Why the Reallabor method?
Changes in the urban and transportation sectors lead to improvements in our surroundings, that we may not be able to imagine immediately. Real world laboratories serve as practical examples and build bridges between reality and imagination.
What Is a Real-World Lab or Reallabor?
Trial and Error
The term ‘real-world lab’ originates from the world of science and describes a new, practice-oriented research format.
Here, citizens work on equal terms with scientific organizations, politicians and administrators to test approaches for solving major social challenges such as climate change or the transformation of the transport sector. The work of real-world labs is experimental, unbiased and flexible. For a limited period of time, ranging from a few months to a few years, different methods or innovations are tested in public spaces: People try out what works, evaluate the successes but also the mistakes, and learn from them in order to do things better in the next step.
Why Are Real-World Labs Important?
Often visionary ideas fail due to a lack of imagination by the public and political decision-makers. Resistance and missing understanding are the side effects. The strenght of real world labs is to let visions and narratives flourish in real settings and spaces.
Breaking down imagination
Real-world labs think boldly about the future and demonstrate improvements that can be seen and touched. Our imagination is often shaped by the current state of things. It is therefore not necessarily easy to imagine a park with birds chirping in a place where cars still drive and make noise today.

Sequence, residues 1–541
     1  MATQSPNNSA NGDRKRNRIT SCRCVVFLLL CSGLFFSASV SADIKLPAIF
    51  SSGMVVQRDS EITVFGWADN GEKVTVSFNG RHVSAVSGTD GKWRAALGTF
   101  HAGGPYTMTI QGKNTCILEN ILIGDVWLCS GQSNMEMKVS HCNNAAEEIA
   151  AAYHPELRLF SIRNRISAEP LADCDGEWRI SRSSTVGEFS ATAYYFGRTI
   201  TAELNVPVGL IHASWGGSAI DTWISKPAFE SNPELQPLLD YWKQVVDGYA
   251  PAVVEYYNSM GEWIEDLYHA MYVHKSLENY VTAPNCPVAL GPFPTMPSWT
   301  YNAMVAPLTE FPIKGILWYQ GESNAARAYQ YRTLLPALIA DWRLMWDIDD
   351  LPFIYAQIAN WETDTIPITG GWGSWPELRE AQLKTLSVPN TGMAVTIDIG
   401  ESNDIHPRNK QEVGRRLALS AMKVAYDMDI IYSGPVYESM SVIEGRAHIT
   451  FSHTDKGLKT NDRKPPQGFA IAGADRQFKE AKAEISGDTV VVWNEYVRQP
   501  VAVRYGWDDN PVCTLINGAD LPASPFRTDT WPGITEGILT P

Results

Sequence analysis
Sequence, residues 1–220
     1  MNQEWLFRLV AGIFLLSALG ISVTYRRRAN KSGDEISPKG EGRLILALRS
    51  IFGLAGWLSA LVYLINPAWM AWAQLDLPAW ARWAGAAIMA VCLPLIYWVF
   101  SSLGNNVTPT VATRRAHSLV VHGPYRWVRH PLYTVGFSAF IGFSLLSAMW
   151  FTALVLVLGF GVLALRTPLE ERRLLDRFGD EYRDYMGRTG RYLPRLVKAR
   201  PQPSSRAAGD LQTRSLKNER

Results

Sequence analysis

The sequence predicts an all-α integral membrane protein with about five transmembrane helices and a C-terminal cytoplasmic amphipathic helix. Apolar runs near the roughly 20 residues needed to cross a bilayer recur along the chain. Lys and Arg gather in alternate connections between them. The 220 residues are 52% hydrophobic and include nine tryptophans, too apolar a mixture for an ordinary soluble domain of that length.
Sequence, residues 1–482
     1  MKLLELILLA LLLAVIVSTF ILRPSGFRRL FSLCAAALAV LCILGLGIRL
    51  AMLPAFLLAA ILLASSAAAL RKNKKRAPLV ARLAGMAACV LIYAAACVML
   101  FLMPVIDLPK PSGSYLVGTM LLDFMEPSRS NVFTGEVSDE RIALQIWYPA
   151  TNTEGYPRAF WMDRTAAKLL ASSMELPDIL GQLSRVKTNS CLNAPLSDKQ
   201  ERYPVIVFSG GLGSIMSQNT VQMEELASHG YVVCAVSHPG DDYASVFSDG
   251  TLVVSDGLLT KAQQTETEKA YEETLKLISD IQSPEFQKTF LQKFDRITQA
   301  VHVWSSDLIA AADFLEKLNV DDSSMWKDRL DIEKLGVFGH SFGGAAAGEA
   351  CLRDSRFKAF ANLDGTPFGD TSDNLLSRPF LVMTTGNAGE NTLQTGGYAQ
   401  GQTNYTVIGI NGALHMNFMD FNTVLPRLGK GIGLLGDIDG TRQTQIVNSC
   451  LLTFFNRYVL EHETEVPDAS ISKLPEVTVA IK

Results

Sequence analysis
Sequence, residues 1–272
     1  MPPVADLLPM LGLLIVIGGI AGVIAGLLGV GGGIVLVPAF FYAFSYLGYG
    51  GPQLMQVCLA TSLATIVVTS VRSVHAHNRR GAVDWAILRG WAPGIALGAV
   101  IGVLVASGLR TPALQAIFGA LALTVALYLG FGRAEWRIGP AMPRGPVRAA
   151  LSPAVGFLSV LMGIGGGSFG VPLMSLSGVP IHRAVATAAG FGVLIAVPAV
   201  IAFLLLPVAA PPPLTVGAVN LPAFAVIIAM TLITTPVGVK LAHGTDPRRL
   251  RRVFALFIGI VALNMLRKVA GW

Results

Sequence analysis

Real-world labs have a symbolic function. They show that our environment can be shaped by citizens and inspire people and other urban actors to create high-quality urban spaces.
Real-world labs provide impetus to politics, connect people from different disciplines, and generate pressure at the citizen-level to maintain those temporary measures that prove successful.
Permanence and Processes
Transformation processes can be accelerated by temporary changes. A good example are the pop-up bike lanes that were created in Berlin during the pandemic. Today they have been made permanent and are making a significant contribution to the implementation of the Berlin Mobility Act.
How does the Radbahn benefit from the Reallabor method?
The Radbahn could also be realized more quickly in its entirety thanks to the real-world lab work. Instead of planning and funding a nine-kilometer route all at once, the Radbahn project is following a processual and iterative development and implementation. The goal is to implement the Radbahn in several steps and together with local actors and the relevant administrations. This way, we can react flexibly to the diverse needs of Berliners and to changing conditions. We look at what is well liked, consolidate this in planning drafts for the entire route, and develop new ideas to overcome any conceptual flaws.